(2) The lecturers would be more aware through this study, the implication of students’ (sandwich) programme on their employment at the labour market. Lecturers and indeed, other teachers at other levels of Nigerian educational system, would be able to appreciate the relationship between type of programme and students’ employment at the labour market.
(3) School Authority will be able to understand more effectively, students’ situations as regards study and work. With the results and recommendations of this study, the school authorities would be able to give concession to those who engage in routine work and also enroll in sandwich programmes to update their academic profiles.
(4) The society will be well informed through the findings and recommendations of this study. With this study, the society will be aware that type of study affects students’ employment in the labour market.
1.7Scope of the Study
The study covers the effect of employment on sandwich graduates at the labor market, a study of University of Lagos, Akoka, Lagos.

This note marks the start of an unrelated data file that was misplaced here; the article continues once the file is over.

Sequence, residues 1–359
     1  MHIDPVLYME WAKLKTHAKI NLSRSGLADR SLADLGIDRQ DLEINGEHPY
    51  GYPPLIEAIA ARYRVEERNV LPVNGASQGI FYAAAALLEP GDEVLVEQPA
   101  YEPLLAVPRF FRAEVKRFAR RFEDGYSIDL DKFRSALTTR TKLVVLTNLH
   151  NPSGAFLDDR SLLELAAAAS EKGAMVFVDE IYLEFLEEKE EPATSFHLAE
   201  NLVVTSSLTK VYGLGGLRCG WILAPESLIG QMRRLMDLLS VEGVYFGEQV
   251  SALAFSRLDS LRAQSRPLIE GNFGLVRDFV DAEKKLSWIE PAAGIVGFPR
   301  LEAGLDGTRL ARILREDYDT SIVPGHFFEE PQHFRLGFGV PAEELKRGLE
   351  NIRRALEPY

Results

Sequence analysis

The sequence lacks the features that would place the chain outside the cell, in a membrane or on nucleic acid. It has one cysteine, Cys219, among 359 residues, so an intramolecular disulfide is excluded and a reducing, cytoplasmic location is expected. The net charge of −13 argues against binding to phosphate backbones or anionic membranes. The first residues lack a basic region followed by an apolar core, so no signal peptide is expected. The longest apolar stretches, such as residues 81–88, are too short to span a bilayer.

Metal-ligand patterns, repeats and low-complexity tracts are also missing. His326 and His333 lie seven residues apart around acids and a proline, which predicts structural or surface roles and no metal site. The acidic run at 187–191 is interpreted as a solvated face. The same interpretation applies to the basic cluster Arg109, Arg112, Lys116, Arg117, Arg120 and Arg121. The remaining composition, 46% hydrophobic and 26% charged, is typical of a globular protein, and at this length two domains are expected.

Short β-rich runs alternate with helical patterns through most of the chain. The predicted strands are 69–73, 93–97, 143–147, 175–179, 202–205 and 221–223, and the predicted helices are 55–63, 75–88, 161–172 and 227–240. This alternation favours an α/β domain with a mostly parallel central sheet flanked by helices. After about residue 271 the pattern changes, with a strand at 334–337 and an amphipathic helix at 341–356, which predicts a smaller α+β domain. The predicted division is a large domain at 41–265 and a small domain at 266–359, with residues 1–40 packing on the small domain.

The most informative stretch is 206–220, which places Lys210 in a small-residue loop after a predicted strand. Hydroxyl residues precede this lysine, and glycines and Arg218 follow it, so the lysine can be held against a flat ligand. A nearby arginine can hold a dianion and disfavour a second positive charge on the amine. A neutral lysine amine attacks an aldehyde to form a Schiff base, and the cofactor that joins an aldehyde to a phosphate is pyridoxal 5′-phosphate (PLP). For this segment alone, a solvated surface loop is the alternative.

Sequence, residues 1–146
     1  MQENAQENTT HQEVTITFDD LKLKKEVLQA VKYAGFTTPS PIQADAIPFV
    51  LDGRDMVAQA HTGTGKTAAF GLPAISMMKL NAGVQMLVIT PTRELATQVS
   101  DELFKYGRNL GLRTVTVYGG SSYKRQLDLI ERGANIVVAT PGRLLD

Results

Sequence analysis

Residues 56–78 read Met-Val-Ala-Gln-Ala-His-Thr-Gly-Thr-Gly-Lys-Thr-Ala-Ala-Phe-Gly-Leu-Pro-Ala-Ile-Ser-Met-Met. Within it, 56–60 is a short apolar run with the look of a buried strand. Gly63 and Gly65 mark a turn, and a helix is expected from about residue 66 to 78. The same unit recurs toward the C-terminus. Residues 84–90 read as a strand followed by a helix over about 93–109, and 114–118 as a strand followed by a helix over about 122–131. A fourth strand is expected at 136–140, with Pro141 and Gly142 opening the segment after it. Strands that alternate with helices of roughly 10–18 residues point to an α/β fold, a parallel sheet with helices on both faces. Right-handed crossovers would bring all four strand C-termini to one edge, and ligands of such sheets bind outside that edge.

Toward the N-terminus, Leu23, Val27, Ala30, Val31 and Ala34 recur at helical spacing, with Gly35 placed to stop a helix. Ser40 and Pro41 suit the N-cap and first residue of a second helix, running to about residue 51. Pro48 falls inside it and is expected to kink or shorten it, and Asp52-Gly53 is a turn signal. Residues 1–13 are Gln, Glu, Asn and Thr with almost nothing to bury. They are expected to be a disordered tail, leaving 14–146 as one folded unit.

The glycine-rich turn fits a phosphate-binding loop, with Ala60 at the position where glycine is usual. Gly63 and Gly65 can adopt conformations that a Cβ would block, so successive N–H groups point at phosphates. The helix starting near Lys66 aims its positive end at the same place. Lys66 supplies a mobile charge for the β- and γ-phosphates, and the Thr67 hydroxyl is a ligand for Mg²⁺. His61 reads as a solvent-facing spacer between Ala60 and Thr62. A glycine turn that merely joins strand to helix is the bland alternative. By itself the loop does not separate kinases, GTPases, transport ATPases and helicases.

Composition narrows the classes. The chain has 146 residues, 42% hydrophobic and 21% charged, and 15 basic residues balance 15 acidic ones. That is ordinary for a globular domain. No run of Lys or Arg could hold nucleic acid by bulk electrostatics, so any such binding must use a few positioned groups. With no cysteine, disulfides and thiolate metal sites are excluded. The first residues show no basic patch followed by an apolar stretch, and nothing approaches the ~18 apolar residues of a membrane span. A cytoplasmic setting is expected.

1.8Limitation of the Study
In this study, finance, time-frame and other logistics would pose considerable constraints in the effective completion of this study.
1.9Definition of Terms
Operational terms would be defined in this study in the followings:
(1) Employment: In this study, it means the work an individual does to eke out a living.
(2) Sandwich or Part-time Students: This is the school programme in which students are allowed to enroll in academics at a part-time level or arrangement. It is different from full-time study.
(3) Constraints: This is what hinders or prevents something to succeed effectively.